|1. Closing the hospital for mentally ill children and adolescents in Staunton means everyone who works at that facility, which served more than 600 children last year, will be out of a job.
2. In Bedford County, which voted overwhelmingly for Bob McDonnell in November, the superintendent has already proposed the elimination of 124 full-time jobs, including 67 classroom teachers, and the closing of two schools. That was before McDonnell decided to cut an additional $365 million from state school funds this year. That scenario will play out in every school district in the state. (By the way, Bedford County is growing rapidly in population and school-age children.)
The Virginia Education Association has estimated that the $730 million two-year cut in K-12 education funding could result in the loss of more than 28,000 jobs.
3. McDonnell wants to completely eliminate money for nine programs serving the poor and needy. Jobs will be lost, as the state ends its contribution to help pay for homeless shelters, domestic violence prevention, the Healthy Families Initiative, local free clinics and dental care for poor children.
Trish O'Brien, executive director of CHIP/Healthy Families in Chesapeake, said that if legislators approve the governor's proposed cuts, she will have to fire half of her staff members, who check on 3,000 children in at-risk families throughout Chesapeake. Job losses like that in social services will take place all across the state, as well.
"Higher education has already suffered deep cuts in state aid. Colleges and universities have to be strong in order to attract businesses and new jobs. I don't feel that state colleges and universities should have to give back even more funding."
Oh, yes they do. Deputy Secretary of Finance Craig Burns confirmed that McDonnell's proposed budget amendments leave intact former Gov. Tim Kaine's funding cuts to public institutions, as well as a plan to take 5 percent of mandatory student fees paid to universities. Radford, the University of Virginia, James Madison University and George Mason University will be hardest hit by the student fee plan.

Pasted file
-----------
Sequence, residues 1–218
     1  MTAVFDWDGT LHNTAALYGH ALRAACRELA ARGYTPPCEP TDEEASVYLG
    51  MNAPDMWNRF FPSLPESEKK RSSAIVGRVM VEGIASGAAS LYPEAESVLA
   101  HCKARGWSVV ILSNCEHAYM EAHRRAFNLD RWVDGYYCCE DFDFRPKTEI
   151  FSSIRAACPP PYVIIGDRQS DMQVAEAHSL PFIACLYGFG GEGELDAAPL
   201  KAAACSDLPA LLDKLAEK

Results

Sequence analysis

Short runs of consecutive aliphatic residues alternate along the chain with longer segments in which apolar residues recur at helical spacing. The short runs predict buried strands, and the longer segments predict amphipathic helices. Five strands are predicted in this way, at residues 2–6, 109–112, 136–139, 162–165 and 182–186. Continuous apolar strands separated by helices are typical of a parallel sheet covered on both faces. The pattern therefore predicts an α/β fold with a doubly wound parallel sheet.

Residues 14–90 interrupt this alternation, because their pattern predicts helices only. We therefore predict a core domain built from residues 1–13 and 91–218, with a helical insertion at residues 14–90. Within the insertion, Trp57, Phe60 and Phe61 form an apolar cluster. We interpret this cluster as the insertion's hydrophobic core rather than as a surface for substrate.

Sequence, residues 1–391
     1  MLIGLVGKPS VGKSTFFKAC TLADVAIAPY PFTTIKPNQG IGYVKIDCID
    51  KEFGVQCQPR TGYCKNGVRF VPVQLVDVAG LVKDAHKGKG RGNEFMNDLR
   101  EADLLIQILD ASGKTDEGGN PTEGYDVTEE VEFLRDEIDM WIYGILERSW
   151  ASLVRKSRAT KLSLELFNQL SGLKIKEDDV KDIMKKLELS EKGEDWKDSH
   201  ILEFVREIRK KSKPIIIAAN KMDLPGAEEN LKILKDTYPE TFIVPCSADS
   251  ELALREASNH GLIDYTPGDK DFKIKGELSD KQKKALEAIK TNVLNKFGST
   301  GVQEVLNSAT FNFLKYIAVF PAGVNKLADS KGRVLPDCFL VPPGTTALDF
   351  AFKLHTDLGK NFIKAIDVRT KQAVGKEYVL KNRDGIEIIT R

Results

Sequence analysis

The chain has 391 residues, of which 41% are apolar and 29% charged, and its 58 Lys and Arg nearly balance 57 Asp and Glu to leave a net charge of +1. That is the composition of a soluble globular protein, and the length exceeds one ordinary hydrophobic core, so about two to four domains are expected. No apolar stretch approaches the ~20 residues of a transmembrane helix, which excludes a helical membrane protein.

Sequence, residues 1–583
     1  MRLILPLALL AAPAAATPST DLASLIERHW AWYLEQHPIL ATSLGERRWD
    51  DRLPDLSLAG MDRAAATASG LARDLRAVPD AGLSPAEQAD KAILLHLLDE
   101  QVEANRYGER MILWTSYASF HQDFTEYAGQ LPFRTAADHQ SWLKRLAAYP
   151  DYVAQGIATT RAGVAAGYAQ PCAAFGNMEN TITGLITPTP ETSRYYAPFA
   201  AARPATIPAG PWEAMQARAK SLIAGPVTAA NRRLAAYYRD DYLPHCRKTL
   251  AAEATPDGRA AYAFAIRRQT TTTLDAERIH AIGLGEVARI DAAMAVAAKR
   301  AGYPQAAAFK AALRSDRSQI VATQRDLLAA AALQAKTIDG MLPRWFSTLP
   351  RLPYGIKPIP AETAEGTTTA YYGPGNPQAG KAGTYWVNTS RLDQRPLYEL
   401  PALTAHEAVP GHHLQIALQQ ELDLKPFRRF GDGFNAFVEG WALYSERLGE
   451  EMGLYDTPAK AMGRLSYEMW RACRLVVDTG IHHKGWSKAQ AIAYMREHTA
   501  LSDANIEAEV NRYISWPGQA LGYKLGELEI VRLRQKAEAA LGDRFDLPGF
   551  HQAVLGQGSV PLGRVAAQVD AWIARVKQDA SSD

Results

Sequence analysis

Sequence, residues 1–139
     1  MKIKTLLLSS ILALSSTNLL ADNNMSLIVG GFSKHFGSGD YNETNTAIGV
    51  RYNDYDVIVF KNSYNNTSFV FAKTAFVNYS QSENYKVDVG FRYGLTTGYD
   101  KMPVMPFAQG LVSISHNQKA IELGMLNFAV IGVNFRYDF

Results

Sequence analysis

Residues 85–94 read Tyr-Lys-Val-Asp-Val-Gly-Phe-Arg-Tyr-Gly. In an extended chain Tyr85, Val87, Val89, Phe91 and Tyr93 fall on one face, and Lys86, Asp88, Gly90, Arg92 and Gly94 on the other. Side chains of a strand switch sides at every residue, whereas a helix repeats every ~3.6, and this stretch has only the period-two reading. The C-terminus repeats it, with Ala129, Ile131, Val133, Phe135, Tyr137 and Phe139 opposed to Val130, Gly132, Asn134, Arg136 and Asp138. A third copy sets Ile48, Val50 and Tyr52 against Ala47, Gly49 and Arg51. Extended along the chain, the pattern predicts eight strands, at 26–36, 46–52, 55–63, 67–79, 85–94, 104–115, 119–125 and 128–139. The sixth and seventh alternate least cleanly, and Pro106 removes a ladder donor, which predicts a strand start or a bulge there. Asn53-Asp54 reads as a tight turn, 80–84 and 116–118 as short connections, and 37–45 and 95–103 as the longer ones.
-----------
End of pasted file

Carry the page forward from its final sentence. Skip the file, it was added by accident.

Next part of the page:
McDonnell also recommended cutting $1.5 million from the State Council of Higher Education for Virginia, $6.8 million from the Eminent Scholars recruitment and retention program, $1.3 million from the state's higher education centers, and $19.8 million from the Tuition Assistance Grant Program that which subsidizes in-state tuition at private institutions.
"I firmly believe in the concept of transparent, nonpartisan redistricting done by a bipartisan commission. I have even proposed a detailed plan for such a commission."
Actually, McDonnell refuses to back the bill creating a bipartisan commission that has passed the State Senate and has been sent to the House of Delegates.
"I am committed to streamlining government services while meeting the demands of our most vulnerable citizens."
No, he's not committed to meeting the demands of the most vulnerable in the state. Rather, he appears to be showing the same disdain toward public charity that he had when he wrote his infamous thesis for Pat Robertson's school. Perhaps that's the real Bob McDonnell, after all.
I'll close with the comments of others, comments published today in the Virginian-Pilot.
State Sen. Janet Howell (D-Fairfax County) said McDonnell's proposed reductions slice "the heart and soul" out of state government.
"To even put school lunches on the table has got to be the most insensitive thought of the session, because that school lunch is the only decent meal some of these kids are going to get in a day's time," Sen. Louise Lucas (D-Portsmouth) said.
According to Betty Wade Coyle, executive director of Prevent Child Abuse Hampton Roads, "It's scaling back direct services to children and to the most vulnerable citizens in the community."
Maureen Hollowell, who advocates for disabled people through the Norfolk-based Independence Center, said 6,000 disabled and elderly people who receive services through a "consumer directed" program that allows them to hire their own personal care assistants would lose their funding under the governor's proposals.
"This is our third 5 percent cut in a year and a half," said Kathy Drumwright, deputy director of human services for the city of Virginia Beach. "Each cut is painful and it gets more and more painful. We are getting to the bone."
"Lord, when did we see you hungry or thirsty, a stranger or lacking clothes, sick or in prison, and did not come to your help?" Then he will answer, "In truth I tell you, in so far as you neglected to do this to one of the least of these, you neglected to do it to me." - Matthew 25: 44-45